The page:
Saudi Arabia said two of its oil tankers were attacked while sailing toward the Persian Gulf, adding to regional tensions as the U.S. increases pressure on Iran.
The Saudi tankers were damaged in "a sabotage attack" off the United Arab Emirates coast on Sunday, state-run Saudi Press Agency reported. The vessels were approaching the Strait of Hormuz, the world's most important chokepoint for oil shipments. The UAE foreign ministry on Sunday reported an attack on four commercial ships near its territorial waters. No one has claimed responsibility.
The precise nature of the incident remained unclear — neither Saudi Arabia nor the UAE said exactly what happened — but the report comes at a time of heightened tensions in the Gulf. The U.S. has deployed an aircraft carrier, bomber planes and defense missiles to the region amid worsening friction with Iran, Saudi Arabia's regional rival.
Saudi Energy Minister Khalid Al-Falih said the incident aims "to undermine the freedom of maritime navigation, and the security of oil supplies to consumers all over the world," the Saudi Press Agency said. He urged countries to ensure the security of oil tankers "to mitigate against the adverse consequences of such incidents on energy markets, and the danger they pose to the global economy."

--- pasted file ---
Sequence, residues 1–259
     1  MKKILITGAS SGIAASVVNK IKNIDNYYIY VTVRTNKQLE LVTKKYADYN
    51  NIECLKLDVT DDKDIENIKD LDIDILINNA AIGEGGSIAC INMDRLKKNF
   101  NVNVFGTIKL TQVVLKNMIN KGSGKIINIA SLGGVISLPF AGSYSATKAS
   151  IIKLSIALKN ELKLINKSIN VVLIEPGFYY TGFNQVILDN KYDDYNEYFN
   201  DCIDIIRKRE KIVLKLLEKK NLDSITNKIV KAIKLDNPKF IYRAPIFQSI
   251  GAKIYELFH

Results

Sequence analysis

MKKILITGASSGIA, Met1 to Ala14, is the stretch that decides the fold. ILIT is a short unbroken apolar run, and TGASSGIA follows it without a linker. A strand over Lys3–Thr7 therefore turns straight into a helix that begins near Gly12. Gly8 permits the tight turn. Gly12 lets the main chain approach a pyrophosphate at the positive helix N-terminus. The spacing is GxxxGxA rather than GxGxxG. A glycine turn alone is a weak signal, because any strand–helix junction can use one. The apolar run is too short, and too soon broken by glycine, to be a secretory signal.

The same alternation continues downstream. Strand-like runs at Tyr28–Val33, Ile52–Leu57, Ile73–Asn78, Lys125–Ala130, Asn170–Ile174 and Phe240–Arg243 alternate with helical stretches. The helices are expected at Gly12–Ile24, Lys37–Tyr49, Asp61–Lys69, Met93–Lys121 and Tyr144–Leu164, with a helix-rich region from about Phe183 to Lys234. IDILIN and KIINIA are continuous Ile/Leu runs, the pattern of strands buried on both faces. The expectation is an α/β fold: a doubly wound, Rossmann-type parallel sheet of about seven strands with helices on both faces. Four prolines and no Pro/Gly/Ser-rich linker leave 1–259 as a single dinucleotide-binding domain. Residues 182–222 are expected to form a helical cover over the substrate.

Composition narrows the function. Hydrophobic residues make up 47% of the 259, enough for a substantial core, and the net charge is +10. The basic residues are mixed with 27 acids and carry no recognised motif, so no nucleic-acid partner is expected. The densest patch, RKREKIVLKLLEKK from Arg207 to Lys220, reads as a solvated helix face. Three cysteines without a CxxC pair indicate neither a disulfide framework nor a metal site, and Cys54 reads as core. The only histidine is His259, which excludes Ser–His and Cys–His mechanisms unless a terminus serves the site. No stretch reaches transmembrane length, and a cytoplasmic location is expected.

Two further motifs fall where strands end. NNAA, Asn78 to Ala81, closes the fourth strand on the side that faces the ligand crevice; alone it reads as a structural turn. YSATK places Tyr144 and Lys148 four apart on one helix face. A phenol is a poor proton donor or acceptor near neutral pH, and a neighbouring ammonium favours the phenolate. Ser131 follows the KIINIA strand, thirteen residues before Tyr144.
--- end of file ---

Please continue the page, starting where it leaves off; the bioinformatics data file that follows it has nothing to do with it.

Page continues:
Antagonism between the U.S. and Iran intensified this month after President Donald Trump ended exceptions to U.S. sanctions on Iranian oil sales. Iran has threatened to block oil shipments through the Strait of Hormuz and has said it would scale back its obligations under the 2015 nuclear deal.
Iran's Foreign Ministry spokesman Abbas Mousavi described the incident as "concerning and regrettable" and called for efforts to shed light on what exactly happened, the semiofficial Tasnim News reported. He warned against "foreign seditious plots."
Global crude benchmark Brent for July settlement rose as much as 2.8% on Monday following the incident, but it tumbled lower as pessimism about the U.S.-China trade war set in later in the trading day.
The Strait of Hormuz connects the Gulf to the Indian Ocean. Iran lies to the north and the UAE and Oman to the south. It is the single most important waterway for global oil shipments, with tankers hauling about 40% of all the crude traded internationally every day. All oil exports from Kuwait, Iran, Qatar and Bahrain, more than 90% of those from Saudi Arabia and Iraq, and 75% of shipments from the U.A.E. pass through the strait.